Getting a dog sucked. I don’t mean to say that I was forced to get a dog – or that I don’t love her now – but man, I really hated her when we first adopted her.
My boyfriend and I adopted Sadie in October 2014. She was a 2 year old lab mix who was shaggy, adorable, and most important of all, house-trained. We were lucky that she didn’t get into the trash or destroy our furniture, but we learned quickly that she was pretty bad on walks.
Sadie’s previous owners had kept her in the backyard or in the house and never really walked her. So even though she was only 50 pounds, she would pull me up and down the street. Worst yet, she would bark and growl at anyone who came over to say hi. It was exhausting and caused a lot of fights with my boyfriend as we bickered about ways to fix our problem.
Things came to a head when we bought a choke collar. Not really knowing how to use it, I overcorrected her on a walk and was met with a painful “YELP!” I stopped the walk and with plenty of passersby watching, stood still and cried. Questions were racing through my head. Why won’t this dog listen to me? Why am I so bad at this? Is it always going to be this way?
Finding a solution starts with you, not the problem
There are some problems, like walking an untrained dog, which can seem impossible to solve. Through some trial and error, I learned that it’s not that the problem’s impossible to solve – it’s that I wasn’t approaching it the right way.
So here’s how I recommend facing your next impossible task:
1) Let your insecurities go.
The more I questioned myself on my dog walks, the more I realized my tears had nothing to do with the dog. I was taken over by the fear that my inability to handle a dog meant I was weak and stupid. Once I took a deep breath and forbid these thoughts from entering my mind, I was able to focus on the task at hand.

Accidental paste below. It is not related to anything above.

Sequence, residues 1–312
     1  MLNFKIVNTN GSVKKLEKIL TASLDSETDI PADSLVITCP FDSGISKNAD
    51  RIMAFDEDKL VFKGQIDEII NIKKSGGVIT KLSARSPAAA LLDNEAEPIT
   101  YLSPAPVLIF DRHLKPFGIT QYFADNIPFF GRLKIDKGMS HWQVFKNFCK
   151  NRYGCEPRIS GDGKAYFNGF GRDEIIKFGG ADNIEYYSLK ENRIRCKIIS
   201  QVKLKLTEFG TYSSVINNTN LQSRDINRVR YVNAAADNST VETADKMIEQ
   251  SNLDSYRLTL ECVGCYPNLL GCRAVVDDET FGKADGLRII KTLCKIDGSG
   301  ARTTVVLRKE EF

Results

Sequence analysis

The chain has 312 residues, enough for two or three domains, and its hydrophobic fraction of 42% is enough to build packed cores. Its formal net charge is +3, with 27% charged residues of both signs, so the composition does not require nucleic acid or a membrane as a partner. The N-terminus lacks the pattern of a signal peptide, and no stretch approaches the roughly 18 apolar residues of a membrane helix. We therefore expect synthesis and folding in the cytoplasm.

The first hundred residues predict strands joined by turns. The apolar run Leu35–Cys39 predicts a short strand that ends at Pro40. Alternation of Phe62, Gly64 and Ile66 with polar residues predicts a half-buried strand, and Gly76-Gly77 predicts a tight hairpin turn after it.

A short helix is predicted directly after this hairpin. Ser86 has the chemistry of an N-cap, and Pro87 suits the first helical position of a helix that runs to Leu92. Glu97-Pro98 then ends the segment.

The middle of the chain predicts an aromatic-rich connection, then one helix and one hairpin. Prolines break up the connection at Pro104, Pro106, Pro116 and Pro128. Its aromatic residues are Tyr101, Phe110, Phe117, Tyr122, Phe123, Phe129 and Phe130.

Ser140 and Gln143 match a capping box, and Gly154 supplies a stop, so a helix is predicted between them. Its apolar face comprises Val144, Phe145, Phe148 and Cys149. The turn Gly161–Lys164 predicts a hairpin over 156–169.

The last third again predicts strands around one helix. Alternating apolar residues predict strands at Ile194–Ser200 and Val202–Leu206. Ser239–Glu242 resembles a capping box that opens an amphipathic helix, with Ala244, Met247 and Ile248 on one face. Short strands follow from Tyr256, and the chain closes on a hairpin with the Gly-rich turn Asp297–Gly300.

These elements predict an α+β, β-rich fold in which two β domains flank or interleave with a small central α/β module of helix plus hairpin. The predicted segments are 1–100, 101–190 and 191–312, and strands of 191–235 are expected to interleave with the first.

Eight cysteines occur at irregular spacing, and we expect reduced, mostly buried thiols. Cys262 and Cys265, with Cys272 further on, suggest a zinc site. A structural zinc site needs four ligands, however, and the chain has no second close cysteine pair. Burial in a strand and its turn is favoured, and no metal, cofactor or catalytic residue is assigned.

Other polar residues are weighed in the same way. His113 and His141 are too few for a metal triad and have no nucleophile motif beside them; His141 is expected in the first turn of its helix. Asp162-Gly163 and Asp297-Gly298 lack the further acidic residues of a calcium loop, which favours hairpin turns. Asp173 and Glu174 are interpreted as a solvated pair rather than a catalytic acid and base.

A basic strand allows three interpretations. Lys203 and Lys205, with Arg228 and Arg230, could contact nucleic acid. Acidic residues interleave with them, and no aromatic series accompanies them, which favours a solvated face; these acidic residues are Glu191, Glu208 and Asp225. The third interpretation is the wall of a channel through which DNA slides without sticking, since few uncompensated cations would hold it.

2) Ask yourself, “What’s the real problem here?”
After some reflection, I realized that I didn’t know how to communicate with my dog, and she didn’t know how to communicate with me. Figuring out that my struggle was “I can’t communicate with my dog” and not “I can’t walk my dog” made the problem seem smaller and easier to handle.
3) Seek out tools and feedback that make your problem easier to solve.
Like any new dog owner, I sought advice from experts (both online and in person). With some counseling I found a collar that was more humane and gave me better control of Sadie’s head. The new collar dramatically improved our communication. With a slight tug, I could quickly redirect her attention from a rogue squirrel or an overeager stranger.
4) Recognize what works, reward, repeat!
I think that the best way to solve an impossible problem is with low-risk trial and error. With some experimentation, I learned to see Sadie’s triggers and correct her at the exact moment to avoid the negative behavior. I also learned that she responds better to positive reinforcement than negative. I make sure to slip her a treat or scratch on the head when she’s listening to my direction.
It’s important to reward yourself, too. Whenever I reach a milestone, like walking a block without Sadie pulling, I make sure to congratulate myself with a treat at home. By marking my milestones, I avoid falling back into the insecurities that plagued me in the first place.
After such a difficult start to our relationship, I couldn't be more in love with my dog. We’re still a work in progress but our walks have gotten a lot better. What problem can you solve by changing your perspective?
Next on the list for us? Off-leash walks through Seattle’s gorgeous dog parks.
Do big, scary problems still intimidate you? They intimidate me sometimes too. This post by Josh Schreck can help by asking you, “What’s the best that could happen?”